I don’t look at my kids and pass judgment on who is more or who is less whether in a general sense or relative to specific areas. Yet, I do acknowledge that they have different character and intellectual strengths. I cannot overrate the importance of this acknowledgment since it is necessary in order to identify the areas where they can still improve.
For instance, my firstborn, Sam, is highly analytical with words. She can even out-argue adults. She writes kick-ass essays. But she won’t find it as easy to apply her analytical prowess with mathematical problems.
On the other hand, my younger daughter, Alex, is strong in Math. Show her numbers and equations and she’ll breeze through them. But transform a mathematical problem into words and she won’t find it as much fun. She also spends a lot more time in front of the television.
Yet, despite the marked differences, there are similarities too in terms of academic patterns. They both have difficulty reading long essays in Filipino, a situation that we’re still trying to remedy.
The Norwegian study underrates the significance of biological factors in relation to the I.Q. of the child. I’m no scientist but, in the case of my own children, I can safely claim expertise. The similarities would be easier to explain. I taught them their A-B-C; their father taught them their 1-2-3. They read the same picture dictionaries, they watched same Disney movies, they shared their coloring books, crayons, puzzles and building blocks. They went to the same schools and had practically the same teachers. And since they grew up in the same house, they ate the same food and breathed the same air.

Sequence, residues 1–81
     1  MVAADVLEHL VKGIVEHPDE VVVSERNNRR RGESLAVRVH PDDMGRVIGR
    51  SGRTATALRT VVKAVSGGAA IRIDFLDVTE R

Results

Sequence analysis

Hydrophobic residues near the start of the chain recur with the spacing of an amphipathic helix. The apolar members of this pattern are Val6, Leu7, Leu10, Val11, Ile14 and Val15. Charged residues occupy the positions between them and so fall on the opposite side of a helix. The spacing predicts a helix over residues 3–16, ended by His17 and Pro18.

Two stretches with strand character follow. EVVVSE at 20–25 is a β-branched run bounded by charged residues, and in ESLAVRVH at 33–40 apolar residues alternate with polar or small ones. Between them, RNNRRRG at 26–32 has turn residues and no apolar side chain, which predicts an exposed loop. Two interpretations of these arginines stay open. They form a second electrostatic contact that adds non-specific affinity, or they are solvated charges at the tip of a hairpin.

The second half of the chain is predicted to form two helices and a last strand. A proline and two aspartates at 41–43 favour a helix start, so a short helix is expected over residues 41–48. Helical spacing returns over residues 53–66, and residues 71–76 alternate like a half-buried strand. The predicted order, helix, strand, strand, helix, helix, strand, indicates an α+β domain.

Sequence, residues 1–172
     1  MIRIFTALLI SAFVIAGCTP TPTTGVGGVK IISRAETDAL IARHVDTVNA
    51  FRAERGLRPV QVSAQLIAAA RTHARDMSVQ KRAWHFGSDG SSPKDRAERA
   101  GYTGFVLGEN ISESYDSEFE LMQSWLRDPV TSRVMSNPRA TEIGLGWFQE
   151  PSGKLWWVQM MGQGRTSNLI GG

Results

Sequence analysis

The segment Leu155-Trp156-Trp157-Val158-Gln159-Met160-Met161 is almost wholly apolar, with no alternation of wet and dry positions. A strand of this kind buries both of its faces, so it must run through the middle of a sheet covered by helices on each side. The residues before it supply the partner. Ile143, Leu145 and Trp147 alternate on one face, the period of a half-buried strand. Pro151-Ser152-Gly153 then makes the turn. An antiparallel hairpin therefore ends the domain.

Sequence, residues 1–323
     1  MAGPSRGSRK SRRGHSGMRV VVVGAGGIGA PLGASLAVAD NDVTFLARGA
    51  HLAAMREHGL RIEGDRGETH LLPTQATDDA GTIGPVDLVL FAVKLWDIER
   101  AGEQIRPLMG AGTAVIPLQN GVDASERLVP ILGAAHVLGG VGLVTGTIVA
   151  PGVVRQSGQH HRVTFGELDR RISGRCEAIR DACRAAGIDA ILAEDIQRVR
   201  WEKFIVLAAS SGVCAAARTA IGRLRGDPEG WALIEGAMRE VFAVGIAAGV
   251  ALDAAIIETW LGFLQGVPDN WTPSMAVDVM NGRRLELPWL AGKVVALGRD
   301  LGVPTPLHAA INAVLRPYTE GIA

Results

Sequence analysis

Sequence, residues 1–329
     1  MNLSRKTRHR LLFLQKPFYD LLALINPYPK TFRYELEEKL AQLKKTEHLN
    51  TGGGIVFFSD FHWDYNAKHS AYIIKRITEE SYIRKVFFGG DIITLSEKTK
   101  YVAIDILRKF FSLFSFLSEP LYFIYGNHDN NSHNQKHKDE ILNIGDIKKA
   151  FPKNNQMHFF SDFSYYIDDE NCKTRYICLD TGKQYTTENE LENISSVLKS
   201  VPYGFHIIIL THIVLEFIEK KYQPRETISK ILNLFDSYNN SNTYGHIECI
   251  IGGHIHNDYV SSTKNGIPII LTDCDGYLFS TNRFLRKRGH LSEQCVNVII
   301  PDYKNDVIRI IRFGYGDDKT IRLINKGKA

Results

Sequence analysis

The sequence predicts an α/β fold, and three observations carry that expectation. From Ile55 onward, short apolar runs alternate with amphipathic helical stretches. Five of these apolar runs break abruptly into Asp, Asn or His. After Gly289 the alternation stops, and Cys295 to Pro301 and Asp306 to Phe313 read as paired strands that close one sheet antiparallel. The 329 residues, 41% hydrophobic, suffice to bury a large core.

But what would account for the differences? It’s tempting to say, “genes”. You know, something in line with me being the “words” parent and my husband being the “numbers” parent (he’s an engineer). You know, nature.
But beyond nature, neither can I disregard the difference in the prenatal stimulation that they were exposed to. When I was pregnant with Sam, I had an active law practice and most of my days were spent reading, writing and arguing. My money activities were limited to shopping. Shopping for food, maternity clothes, baby clothes, baby accessories, books, audio CDs… When the money ran out, I stopped. Simple math.
When I was pregnant with Alex, and I was a full-time mother by then, there wasn’t as much time left for reading since most of my waking hours were spent taking care of Sam, doing chores and balancing the budget. In short, I did more additions, subtractions, multiplications and divisions – fractions and decimals included, naturally. I actually kept a ledger. What rest time I could manage were spent watching the television.
Who can say with absolute certainty that none of these affected my daugters’ I.Q.?
What then did I learn from the Norwegian study? Five things: 1) Scientific studies are not always scientific nor useful. 2) Scientific studies are no substitute for one’s ability to observe and analyze. 3) Self-worth cannot be measured by I.Q. nor by comparing ourselves with others, not even with our siblings. 4) If we ever find a need to understand the source of our unique character and intellectual strengths and weaknesses, we must never discount the significance of every single experience, even those we might only remember at a subconscious level. And, finally, that 5) genes account for something.
References and interesting reads: